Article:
For the sake of the person
Pope Francis right in setting a new direction for Catholic Church
Published: Tuesday, September 24, 2013
Updated: Tuesday, September 24, 2013 19:09
Pope Francis has ignited a much-needed conversation. But a conversation is hardly what is needed. What isneeded is change. Change that means embracing inclusivity over exclusivity, change that means acceptance over condemnation, change that means adopting the actual message of Catholic doctrines un-obscured by a set of moralistic imperatives unlikely to stand the test of time.
Some may remain doubtful. After all, we have heard only words thus far – when we see action is when we should really take notice. But it is important to note that often words are actions. And Pope Francis’ candid and humane words last week have directional inferences – that he is different, open-minded, non-conforming and willing to go against pressure. It is certainly possible that he may become a reformer.
In an interview with La Civilta Cattolica, an Italian Jesuit journal, Pope Francis indicated that he did not believe the church should be so intensely focused on the issues that have dominated its concentration for years now.
“We cannot insist only on issues related to abortion, gay marriage and the use of contraceptive methods. This is not possible,” he said. “I have not spoken much about these things, and I was reprimanded for that. But when we speak about these issues, we have to talk about them in a context. The teaching of the church, for that matter, is clear and I am a son of the church, but it is not necessary to talk about these issues all the time.”
The church’s primary focus, he said, should be “the proclamation of the saving love of God.”
His comments have been making the right wing of the church uneasy, according to Archbishop Charles Chaput of Philadelphia. This is understandable; it goes against the direction the Church has long pushed for. But Pope Francis’ aim seems intended for changing the direction more in tone than in belief structure.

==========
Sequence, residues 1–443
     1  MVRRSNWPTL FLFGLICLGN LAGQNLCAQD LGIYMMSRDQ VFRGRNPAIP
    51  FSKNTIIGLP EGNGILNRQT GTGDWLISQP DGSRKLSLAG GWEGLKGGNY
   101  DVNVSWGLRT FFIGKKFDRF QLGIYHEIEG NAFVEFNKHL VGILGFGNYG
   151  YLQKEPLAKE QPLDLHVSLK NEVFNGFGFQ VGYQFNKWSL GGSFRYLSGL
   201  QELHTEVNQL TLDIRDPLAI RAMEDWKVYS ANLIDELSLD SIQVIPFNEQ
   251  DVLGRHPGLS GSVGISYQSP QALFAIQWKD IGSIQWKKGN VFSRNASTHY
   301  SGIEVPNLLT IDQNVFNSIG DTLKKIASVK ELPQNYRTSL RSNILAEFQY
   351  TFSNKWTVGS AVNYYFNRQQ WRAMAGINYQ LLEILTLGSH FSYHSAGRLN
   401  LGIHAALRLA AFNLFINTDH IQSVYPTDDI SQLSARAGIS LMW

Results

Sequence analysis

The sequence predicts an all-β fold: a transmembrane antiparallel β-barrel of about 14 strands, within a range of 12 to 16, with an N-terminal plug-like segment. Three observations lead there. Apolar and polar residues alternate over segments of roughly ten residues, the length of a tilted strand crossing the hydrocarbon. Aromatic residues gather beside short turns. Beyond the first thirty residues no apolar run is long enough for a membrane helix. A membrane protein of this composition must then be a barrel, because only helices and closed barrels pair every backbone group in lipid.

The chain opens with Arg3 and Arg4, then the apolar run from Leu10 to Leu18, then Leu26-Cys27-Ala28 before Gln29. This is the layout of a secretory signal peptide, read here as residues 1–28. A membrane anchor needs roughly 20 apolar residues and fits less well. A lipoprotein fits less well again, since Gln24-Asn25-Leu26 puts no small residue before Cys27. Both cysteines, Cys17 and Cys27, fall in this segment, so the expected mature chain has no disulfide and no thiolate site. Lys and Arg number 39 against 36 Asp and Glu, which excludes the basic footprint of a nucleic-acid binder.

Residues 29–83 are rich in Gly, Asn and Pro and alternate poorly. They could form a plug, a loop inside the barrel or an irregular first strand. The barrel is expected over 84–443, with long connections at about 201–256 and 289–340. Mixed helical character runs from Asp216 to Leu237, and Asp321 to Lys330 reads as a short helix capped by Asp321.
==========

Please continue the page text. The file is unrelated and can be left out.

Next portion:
And with good reason.
The Catholic Church has been suffering from a shortage of priests steadily over the last 50 years, according to the Center for the Applied Research of the Apostolate. There has also been a sexual abuse crisis and mounting opposition from those who support same-sex marriage and abortion rights.
Well, the pope is not going to change the religious or political traditions of the church. And we don’t think it would be appropriate for him to work to change its stance on these issues. But what he can do is work to transform the Church’s structure so that it is more welcoming of those who have felt alienated in the past.
The Catholic Church needs to recreate its relationship with the public and begin the process of alleviating a global climate of division based on ideological differences.
Both progressive and conservative Catholics have wondered why Francis had been so reticent in the past to discuss his feelings on abortion and gays. It seemed more than adequate he had pronounced social justice and caring for the poor as his top priorities.
But Francis has presented himself as more of a humanist thinker recently, speaking theoretically in public concerning religious doubt and ontological uncertainty.
“If one has the answers to all the questions – that is the proof that God is not with him,” he said.
This coming from a pope who, when asked his feelings on gays, said, “Who am I to judge?” When asked if those who do not follow the doctrinal teachings of the Church deserve rejection and condemnation, he responded: “Tell me: when God looks at a gay person, does he endorse the existence of this person with love, or reject and condemn this person? We must always consider the person.”
That is the direction in which Pope Francis should take the church – a direction that is empathic and “always considers the person.” Because that would be a good thing.